Sir Geoffrey Ford

First Secretary of FEMS, 1987-92

Geoffrey Harold Ford was born in Lewes, Sussex, on 6 August 1923 and was educated at the town’s County Grammar School, where he displayed good abilities in science. He was selected for a place at university under the wartime “Hankey Scheme” which allowed promising youngsters to complete the first part of a science degree before recruitment to one of the services. After studying Physics at Bristol University for two years he was commissioned into the Royal Air Force in October 1942. His first appointment was to St. Margaret’s Bay, Kent, to a branch which had responsibility for the air defence radars for the south-east of England. He was then posted to command a mobile radar unit in Algeria before being moving it to Italy where he provided support to the fighter squadrons during the Allied advance up the west coast to Rome and beyond.

After the war, he returned to Bristol University where he completed his degree with first class honours. In May 1947, he was appointed to a permanent commission as a Flying Officer in the RAF. During an enormously successful career he worked on ground-based radar defence systems, the development of bombing and navigational aids, and the development of guided weapons. He attained the rank of Air Marshall on 1 July 1978, by which time he was Controller of Engineering and Supply, in which capacity he was also the Chief Engineer of the RAF.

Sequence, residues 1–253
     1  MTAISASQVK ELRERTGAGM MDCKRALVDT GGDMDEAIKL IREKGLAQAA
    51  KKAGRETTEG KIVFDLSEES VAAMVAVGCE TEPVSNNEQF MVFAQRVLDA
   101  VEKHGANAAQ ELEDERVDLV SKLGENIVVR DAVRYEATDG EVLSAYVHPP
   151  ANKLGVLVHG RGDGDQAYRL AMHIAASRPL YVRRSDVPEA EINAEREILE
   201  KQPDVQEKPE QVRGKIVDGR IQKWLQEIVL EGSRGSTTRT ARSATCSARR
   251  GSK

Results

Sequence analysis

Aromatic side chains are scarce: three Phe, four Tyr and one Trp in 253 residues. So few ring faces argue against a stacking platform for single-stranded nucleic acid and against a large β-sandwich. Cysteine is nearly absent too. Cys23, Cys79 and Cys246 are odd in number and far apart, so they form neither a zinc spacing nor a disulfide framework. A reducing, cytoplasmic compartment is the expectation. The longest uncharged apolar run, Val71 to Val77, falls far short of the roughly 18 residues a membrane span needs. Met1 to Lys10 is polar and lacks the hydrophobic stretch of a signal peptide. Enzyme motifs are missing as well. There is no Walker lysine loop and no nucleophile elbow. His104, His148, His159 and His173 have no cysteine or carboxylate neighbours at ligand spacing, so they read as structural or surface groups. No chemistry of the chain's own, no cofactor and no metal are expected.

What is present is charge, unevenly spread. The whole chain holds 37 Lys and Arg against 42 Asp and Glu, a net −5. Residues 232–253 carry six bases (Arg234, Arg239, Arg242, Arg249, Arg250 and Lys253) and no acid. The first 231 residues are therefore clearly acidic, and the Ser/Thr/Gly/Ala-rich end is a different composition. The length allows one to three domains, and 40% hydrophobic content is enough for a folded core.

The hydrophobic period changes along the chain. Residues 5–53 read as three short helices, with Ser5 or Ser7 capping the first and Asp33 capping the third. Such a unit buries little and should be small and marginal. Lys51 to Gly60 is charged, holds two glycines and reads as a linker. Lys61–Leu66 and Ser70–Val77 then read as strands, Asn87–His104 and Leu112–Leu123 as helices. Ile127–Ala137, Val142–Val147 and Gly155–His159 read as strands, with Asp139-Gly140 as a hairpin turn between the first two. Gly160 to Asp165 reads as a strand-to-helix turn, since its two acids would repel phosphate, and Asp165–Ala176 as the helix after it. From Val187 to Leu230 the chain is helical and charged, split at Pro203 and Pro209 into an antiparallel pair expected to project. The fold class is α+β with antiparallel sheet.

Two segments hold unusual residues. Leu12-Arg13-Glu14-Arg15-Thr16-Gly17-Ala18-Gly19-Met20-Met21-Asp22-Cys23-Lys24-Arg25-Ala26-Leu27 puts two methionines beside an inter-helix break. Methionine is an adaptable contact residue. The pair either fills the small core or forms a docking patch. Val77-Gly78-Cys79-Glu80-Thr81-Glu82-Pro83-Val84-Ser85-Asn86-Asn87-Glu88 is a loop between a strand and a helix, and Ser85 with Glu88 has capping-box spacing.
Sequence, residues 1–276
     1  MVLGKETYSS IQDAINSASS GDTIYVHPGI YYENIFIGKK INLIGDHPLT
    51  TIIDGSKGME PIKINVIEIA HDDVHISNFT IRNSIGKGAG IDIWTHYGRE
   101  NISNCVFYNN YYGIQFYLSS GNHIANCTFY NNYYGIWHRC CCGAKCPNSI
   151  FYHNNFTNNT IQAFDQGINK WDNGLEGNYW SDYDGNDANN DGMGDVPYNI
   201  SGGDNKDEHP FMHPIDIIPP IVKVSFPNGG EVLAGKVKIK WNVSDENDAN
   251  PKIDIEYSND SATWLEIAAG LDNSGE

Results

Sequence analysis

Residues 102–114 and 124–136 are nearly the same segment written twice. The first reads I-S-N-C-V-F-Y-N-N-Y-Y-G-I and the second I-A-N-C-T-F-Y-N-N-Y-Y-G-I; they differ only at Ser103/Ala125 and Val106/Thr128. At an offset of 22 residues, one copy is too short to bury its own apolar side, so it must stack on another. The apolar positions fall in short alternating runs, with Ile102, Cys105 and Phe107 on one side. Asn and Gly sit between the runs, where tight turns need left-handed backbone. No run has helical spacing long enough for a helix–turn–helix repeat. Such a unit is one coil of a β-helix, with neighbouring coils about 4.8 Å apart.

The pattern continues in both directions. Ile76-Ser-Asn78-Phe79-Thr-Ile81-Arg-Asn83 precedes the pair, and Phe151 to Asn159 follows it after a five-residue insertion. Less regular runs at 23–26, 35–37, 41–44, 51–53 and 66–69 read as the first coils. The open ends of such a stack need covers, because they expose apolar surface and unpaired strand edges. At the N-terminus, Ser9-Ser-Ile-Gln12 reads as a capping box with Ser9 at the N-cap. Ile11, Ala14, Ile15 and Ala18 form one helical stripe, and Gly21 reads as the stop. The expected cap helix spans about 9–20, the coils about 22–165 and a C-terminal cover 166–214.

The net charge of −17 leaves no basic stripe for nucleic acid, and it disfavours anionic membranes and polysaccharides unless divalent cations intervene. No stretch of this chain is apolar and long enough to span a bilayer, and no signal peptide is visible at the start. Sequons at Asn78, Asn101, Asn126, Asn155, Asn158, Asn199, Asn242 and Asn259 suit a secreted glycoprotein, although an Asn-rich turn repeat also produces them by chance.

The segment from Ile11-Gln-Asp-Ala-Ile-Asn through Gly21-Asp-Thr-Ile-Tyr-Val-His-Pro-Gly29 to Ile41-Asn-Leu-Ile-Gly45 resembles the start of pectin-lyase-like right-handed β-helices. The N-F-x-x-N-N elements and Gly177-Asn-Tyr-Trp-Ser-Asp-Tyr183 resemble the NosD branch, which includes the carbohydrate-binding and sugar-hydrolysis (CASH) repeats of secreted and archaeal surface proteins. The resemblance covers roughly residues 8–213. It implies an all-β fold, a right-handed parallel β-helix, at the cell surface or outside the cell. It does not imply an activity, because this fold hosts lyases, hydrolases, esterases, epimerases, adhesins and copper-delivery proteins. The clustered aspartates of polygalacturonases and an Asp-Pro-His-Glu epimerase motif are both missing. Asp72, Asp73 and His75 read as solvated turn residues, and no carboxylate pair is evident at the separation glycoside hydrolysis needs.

Following his departure from the RAF in April 1981, and not wishing to enter industry, he became Secretary of the Metals Society in London. He has been credited with transforming the Society into a 20th-century organisation with a Royal Charter as the Institute of Materials (now the Institute of Materials, Minerals and Mining). He fostered close relations with colleagues in France and Germany, helping to found the Federation of European Materials Societies (FEMS) in 1985, and serving as its first secretary from 1987 to 1992, when he finally retired.

Geoffrey Ford received two Orders of Chivalry from the Queen. In 1974 he was appointed CB (Companion of the Most Honourable Order of the Bath) and he was knighted KBE (Knight Commander of the British Empire) in 1978. He was also elected as a Fellow of the Royal Academy of Engineering. He died on 1 April 2007, being survived by his wife Valerie, whom he had married in 1951, and their two sons.